'Amazing Race' Host Says Season 32 'Is Really About Escapism' Amid Pandemic

The world’s waiting for you … or, it was, rather. The Amazing Race is finally set to return for season 32 after filming wrapped nearly two years ago.

Host Phil Keoghan recognizes that fans have been itching for the new season to air, especially amid quarantine during the coronavirus pandemic.

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“Our fans are amazing fans. They have been so patient and it’s been difficult to explain to them the reason,” he tells Us Weekly exclusively of the premiere date being pushed back earlier this year. “I do want to say to the fans: Thank you for your patience.”

“It’s been an unprecedented time and had the world been different, there would be another Amazing Race in the can,” Phil adds. “But it’s a different world we live in.”

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Shooting for season 33 halted earlier this year as COVID-19 hit, but the New Zealand native assures fans the network plans on picking up where they left off – it’s just a matter of when.

“We’ll go back and finish the season as soon as we’re able to do it safely,” he says. “Our No. 1 goal for all of us is to make sure people are safe and we pride ourselves on keeping people safe. We can’t make that promise right now with the world the way it is.”

“Rest assured, we will be back,” Phil adds. “And we will hopefully be even better than we have been before. Every season we are trying to improve, to take it up a notch.”

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As for the future of Race amid the ongoing pandemic, he tells Us, “It’s definitely going to be different, but who knows. The world is changing so fast, so quickly. We just don’t know what’s around the corner.”

The Amazing Race season 32 premieres on CBS Wednesday, October 14, at 9 p.m. ET. Check out what else Phil had to share with Us below!

Us Weekly: Season 32, finally! And you hit a major milestone in one million miles traveled!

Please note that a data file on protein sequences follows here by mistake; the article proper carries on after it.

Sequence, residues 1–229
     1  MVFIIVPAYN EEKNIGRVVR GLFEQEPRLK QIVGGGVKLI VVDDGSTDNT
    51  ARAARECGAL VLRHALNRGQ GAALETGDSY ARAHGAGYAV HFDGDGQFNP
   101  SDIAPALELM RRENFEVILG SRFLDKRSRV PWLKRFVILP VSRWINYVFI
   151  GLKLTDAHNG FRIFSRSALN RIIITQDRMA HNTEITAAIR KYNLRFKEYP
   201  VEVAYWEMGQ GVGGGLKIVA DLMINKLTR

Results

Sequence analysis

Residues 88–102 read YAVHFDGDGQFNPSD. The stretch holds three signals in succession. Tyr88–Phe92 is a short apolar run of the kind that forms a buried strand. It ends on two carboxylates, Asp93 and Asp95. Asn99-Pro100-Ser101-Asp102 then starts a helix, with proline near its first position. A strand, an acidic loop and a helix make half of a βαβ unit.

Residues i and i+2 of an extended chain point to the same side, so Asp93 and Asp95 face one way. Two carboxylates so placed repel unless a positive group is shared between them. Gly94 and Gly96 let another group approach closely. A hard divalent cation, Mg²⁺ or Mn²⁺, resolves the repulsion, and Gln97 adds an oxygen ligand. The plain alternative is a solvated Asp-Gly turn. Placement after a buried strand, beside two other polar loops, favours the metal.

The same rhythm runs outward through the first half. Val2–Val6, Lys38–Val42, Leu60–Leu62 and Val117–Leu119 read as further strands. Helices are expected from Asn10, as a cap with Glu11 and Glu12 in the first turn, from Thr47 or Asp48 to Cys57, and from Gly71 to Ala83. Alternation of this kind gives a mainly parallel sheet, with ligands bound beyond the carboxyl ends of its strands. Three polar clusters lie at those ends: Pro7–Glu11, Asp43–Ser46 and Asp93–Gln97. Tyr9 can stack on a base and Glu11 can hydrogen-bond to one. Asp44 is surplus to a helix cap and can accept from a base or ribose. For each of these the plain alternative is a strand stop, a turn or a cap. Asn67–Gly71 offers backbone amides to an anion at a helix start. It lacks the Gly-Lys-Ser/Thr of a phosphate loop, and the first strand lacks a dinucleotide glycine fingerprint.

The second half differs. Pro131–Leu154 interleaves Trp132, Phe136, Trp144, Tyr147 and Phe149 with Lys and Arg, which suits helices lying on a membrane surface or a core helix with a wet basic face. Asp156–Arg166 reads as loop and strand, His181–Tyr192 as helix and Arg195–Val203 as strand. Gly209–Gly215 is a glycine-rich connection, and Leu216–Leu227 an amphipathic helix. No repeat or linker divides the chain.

Phil Keoghan: Somebody was asking me about that and saying, “You guys have must have really celebrated.” But it just came in the middle of the night. We were flying somewhere over the Andes. I think we were heading to Manaus [in Brazil] or somewhere in the middle of the Amazon. There was no hoopla. There was no champagne. There were no fireworks. The celebration got lost in the sounds of the jet engines as we were flying through the night. It is incredible. That’s like going to the moon and back, twice.

Us: What are you excited for fans to see? Do we visit anywhere for the first time?

PK: We’re always trying to go somewhere new and different. Right out of the gate, we get to go to Trinidad and Tobago, which we’ve never been to before. I grew up in the Caribbean so I’m a big fan of the Caribbean. And then we get to Kazakhstan and really interesting places. One of the things the show has really prided itself on is just getting to locations that the audience hasn’t seen. I say at the beginning of the show, “The world is waiting for you.” Right now it’s not really waiting for anybody, but we’re hoping people will enjoy escaping this lockdown vicariously through our cast members who get to travel freely at a time where we could travel freely in the world.

Us: Interacting with locals is such a big part of the show. Is there a fear that will have to change because of COVID?

PK: I think by the time we travel, there won’t be those restrictions. We can’t travel with restrictions. We need to be able to move freely. The nature of the show is that it is about the locals. It’s about where we are. It is about the freedom to be able to move. I just can’t see a world where we’re traveling, but we can’t talk to people, or go here or there. We are going to get to the end of all this and this show isn’t not a COVID-compliant, studio-based show in the Valley. This is a show where the stage and studio is literally the world. The world is our studio, which is part of what makes it difficult, but part of what makes it special. We’re not in the same place every single time. We have to have that freedom. And that’s why some shows have been able to continue shooting and others haven’t. Ours is one of those where it’s too difficult to make those compromises.

Us: In terms of casting, the Race has always chosen people from all walks of life, whereas other reality shows seem to be struggling with that. How involved are you with casting?